|Officials: Retrofitting LMHS can address future space issues|
It is expected enough students will opt for LM and its enhanced capacity, so that no brand new construction will be required at either school. Ultimately, the lives of few are bound to be upended by this relatively featherweight redistricting. Both high schools are excellent and, if anything, the commutes of some students may even be slightly shortened by the opportunity to choose Ardmore over Rosemont.
But the situation bears watching. The expected surge in high-school population is already being felt at the
|LMSD Enrollment Bulletins|
But just a few miles away in University City, infatuation with high-quality, affordable public education is exceeding sustainablility and has created a mini real estate bubble that may be about to pop. The Penn Alexander School - which serves public school grades K-8 in a Catchment Zone running (E-W) from 40th to 47th Streets and (N-S) from Sansom to (roughly) Baltimore Ave - opened in 2001 and receives substantial financial and institutional support from its prestigious neighbor, the University of Pennsylvania. In its decade-plus existence, the school has emerged as possibly the city's finest for its age group and has caused a clamor for home ownership within the boundaries of its catchment zone. It's estimated that $100,000 - $150,000 in value has been added to homes whose addresses qualify for attendance in the school.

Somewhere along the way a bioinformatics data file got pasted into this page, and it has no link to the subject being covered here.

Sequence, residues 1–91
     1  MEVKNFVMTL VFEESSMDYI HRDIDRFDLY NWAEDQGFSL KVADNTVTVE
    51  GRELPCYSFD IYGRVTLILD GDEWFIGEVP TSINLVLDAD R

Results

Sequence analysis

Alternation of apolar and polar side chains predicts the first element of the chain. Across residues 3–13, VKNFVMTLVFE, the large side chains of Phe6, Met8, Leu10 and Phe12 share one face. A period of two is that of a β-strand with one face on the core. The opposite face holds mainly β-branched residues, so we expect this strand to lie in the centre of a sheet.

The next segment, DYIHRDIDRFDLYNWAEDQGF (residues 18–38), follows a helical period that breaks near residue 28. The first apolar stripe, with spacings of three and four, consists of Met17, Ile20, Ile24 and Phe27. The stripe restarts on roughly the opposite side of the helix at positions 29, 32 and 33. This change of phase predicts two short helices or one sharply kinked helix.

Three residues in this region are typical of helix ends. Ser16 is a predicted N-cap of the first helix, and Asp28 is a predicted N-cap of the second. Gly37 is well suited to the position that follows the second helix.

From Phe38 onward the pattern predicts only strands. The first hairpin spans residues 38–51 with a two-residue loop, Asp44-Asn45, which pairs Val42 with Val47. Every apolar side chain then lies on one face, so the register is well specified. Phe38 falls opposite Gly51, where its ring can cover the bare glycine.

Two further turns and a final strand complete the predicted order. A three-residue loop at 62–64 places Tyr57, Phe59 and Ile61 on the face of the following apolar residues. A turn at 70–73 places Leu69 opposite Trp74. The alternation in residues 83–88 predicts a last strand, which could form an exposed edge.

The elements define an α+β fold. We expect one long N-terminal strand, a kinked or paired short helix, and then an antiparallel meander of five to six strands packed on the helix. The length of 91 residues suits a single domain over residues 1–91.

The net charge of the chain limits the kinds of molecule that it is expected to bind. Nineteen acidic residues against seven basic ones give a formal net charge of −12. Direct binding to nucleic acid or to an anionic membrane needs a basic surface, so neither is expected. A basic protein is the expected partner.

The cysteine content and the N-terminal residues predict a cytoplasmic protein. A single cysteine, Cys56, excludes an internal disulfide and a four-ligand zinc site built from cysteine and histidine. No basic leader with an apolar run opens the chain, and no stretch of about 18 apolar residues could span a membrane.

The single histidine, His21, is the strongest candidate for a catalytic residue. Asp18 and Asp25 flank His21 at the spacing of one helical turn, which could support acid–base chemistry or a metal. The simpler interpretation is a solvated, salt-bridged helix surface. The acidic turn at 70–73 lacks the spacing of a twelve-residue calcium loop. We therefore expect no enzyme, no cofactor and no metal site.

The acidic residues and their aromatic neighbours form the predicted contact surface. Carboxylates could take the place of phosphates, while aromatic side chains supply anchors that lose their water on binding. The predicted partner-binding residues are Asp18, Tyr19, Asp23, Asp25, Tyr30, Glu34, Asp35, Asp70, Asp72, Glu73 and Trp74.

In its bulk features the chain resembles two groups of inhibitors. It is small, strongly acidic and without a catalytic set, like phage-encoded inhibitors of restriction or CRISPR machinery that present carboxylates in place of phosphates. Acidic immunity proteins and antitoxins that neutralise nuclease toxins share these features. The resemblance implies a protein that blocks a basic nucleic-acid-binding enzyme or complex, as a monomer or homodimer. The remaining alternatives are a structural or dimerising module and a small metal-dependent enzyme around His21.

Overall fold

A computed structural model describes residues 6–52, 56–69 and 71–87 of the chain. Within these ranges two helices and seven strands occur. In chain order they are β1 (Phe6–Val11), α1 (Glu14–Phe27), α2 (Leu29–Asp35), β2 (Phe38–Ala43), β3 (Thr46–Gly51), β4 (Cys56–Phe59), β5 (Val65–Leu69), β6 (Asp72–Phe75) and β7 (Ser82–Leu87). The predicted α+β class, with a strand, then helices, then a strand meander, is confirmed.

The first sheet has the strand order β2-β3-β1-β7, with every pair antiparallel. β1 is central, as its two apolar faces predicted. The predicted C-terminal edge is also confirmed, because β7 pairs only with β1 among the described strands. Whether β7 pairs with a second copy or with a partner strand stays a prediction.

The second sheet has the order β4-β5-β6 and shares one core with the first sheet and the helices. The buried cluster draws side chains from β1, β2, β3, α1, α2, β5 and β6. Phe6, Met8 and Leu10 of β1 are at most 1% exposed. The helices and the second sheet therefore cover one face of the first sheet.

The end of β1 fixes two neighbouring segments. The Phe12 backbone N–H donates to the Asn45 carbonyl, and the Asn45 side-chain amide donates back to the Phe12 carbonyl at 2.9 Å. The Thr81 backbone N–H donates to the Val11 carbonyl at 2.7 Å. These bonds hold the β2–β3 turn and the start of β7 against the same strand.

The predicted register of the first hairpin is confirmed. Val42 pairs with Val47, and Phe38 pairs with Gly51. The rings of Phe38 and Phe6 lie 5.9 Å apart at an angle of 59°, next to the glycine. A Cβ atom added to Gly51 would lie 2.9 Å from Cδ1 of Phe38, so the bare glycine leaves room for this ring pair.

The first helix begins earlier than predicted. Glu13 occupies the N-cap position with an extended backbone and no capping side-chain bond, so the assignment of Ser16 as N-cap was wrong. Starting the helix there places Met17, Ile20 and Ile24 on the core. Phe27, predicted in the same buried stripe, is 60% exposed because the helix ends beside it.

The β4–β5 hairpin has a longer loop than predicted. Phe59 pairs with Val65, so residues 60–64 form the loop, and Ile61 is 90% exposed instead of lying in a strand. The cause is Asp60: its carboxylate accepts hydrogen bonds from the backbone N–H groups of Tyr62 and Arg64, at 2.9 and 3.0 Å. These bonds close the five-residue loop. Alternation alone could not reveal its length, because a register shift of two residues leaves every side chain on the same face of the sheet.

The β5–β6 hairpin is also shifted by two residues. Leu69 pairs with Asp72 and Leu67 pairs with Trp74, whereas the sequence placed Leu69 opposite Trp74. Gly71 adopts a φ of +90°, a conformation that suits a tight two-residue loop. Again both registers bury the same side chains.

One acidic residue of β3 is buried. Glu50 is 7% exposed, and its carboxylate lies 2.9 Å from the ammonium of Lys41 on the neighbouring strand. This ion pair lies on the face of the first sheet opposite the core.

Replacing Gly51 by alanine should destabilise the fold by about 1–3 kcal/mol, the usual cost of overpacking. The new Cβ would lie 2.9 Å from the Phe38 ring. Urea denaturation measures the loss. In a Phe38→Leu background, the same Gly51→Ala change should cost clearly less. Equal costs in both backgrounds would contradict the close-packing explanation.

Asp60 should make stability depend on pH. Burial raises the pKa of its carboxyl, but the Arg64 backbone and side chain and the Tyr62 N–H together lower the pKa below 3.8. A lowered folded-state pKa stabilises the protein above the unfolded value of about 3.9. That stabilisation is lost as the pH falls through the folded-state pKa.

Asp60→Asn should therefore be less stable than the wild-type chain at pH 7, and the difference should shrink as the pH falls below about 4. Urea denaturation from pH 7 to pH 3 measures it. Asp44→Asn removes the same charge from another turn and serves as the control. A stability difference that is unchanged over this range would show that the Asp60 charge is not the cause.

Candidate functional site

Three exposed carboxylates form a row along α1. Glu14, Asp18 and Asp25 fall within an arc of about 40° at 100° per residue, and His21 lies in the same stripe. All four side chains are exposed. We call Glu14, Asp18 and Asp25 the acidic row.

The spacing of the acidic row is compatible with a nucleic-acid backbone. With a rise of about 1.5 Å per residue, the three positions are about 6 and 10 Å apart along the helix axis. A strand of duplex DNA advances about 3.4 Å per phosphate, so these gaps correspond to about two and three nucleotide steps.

On one hand, the lottery system and statistics ostensibly ensure that nearly every child applying for admission will be accepted, but what of the family that spends an extra $125,000 and then draws the short stick and is left out? Very few kids/families will be affected, but the uncertainty is a harsh reality for those who paid, or are considering paying a premium to buy into the Penn Alexander School catchment.
In Lower Merion, our home values are also buttressed by the desirability of the quality of public education available to residents. We are fortunate to be in a more stable and sustainable position than our University City neighbors. But the time could come when too much love for our schools could actually start to erode, rather than enhance Lower Merion's charmed relationship between home values and quality education.
Click Here to view Lower Merion School District's Info Page on Enrollment Plans